Who has it? Who doesn’t? What exactly is it?
The dictionary cites that the origin of “integrity” are the words “entire,” “whole,” or “complete.” So if you are a whole, complete, an entire person, it stands to reason you will have integrity. So are we born with it? Do we forget? Can we acquire it? Do we learn what integrity is? Can we think we have it when we don’t? Do we fool ourselves, or have we managed to integrate our internal conflicts into a whole — a person who lives, acts from heart consciousness and from truth?
An easy test: Do you say what you mean and mean what you say? Do you practice what you preach or do lip service? Do you tell white lies, half-truths, incomplete truths, shades of the truth or just down and out lie when you think it serves you to do so? Do you keep your word? Can others count on you? Can they take your word to the bank? Do you call something truth even when you’re really not sure? Do you exaggerate? Do you correct yourself? Do you apologize and make amends? Is there a price, a number, something that may cause you to relax, compromise, or forget your integrity?
I am not talking about honesty, fairness, ethics or moral character because we can all be honest about some things, then skirt the line on others. We can all be fair, especially when it suits us. We can all have ethics when we have nothing to lose. We can all be moral when it serves our interest. It’s like the old joke: If you will sleep with him for a million dollars (maybe a few million, given today’s state), then why haggle over price? Integrity has no price. Integrity is always. Integrity is pure, no excuses. If you are madly in love with someone, so you discourage, thwart or block another person from them because of your jealousy, you don’t have integrity. In other words, it doesn’t matter what reason you have and it may be a good one, but it’s never good enough.
My father must have been a complete entity, but it has taken me years of reflection to come to that realization. He didn’t lie, cheat, steal, talk about others, gossip, criticize or brag. He did the right thing. My aunts, avid churchgoers, would harp on my parents that I was growing up without religion if I didn’t attend church with them. (In hindsight, they were right, thank God.) My parents let me decide, and never told me I couldn’t go into a synagogue, a place I dashed into for their water fountain and the friendly rabbis. I went to mass a few times with my aunts, but I preferred the after-church Sunday socializing. When my father broke down and paid what was to him a small fortune so we could attend Christmas Eve midnight mass and be social for me, my mom, a non-drinker, consumed a Brandy Alexander before, and when kneeling in our pew, left something more than prayer in the pew in front. After that, my father stepped foot into a church only for weddings and funerals. I kept going to the synagogue, no problem.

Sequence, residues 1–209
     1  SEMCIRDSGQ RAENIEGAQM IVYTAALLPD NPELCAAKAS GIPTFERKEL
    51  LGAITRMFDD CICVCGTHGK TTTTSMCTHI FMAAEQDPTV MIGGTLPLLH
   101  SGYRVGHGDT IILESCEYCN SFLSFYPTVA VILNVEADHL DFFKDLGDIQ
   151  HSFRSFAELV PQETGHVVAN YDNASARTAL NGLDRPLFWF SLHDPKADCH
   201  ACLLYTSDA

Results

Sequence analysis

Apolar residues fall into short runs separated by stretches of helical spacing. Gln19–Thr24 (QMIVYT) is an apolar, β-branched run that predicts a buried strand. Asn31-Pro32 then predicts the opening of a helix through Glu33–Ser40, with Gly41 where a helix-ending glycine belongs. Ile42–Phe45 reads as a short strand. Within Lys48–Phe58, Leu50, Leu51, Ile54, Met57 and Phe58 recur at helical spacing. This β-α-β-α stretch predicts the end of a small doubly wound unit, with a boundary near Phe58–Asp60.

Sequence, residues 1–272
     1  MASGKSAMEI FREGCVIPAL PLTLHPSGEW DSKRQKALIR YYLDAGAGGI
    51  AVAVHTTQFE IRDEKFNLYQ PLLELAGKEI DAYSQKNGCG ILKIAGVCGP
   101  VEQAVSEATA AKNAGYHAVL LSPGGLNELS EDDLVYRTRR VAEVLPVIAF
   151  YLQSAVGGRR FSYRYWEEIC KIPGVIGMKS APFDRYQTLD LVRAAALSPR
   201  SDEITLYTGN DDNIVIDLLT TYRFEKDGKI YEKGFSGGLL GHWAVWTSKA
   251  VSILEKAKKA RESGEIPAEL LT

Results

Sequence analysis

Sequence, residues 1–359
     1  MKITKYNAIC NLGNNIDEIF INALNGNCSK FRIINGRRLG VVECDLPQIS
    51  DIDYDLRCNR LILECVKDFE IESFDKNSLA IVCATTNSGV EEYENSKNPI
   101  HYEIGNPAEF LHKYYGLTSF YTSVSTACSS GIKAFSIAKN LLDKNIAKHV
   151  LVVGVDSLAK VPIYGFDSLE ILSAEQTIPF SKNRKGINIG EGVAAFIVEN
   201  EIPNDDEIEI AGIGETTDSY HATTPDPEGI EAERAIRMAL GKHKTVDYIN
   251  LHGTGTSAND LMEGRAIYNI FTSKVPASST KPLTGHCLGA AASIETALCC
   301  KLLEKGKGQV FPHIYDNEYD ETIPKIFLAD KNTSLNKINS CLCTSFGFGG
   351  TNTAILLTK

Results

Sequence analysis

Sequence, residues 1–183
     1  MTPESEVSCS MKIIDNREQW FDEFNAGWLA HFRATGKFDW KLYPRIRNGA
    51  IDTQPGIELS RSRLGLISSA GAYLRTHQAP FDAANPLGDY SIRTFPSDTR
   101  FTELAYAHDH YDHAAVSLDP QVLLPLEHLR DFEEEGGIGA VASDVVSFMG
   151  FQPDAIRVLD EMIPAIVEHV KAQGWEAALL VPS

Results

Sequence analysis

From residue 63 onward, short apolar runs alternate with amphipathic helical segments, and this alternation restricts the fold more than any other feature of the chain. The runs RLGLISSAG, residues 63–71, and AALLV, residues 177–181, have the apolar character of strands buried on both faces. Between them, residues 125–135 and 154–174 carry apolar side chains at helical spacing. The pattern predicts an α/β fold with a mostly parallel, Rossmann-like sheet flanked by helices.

In any case, my aunts would come home from church and gossip, complain about everyone (they called all the in-laws in the family “outlaws,” just to give you an idea), and they weren’t kidding. They had nicknames for all — “horse face,” “green horn,” you get the idea. My dad would laugh and chide them to be more kind. They insulted him because, well, he didn’t go to church, so what did he know? They let me go to the synagogue, and besides — he was an outlaw.
My mother once dragged me back on the subway to travel to a department store to return a purse.
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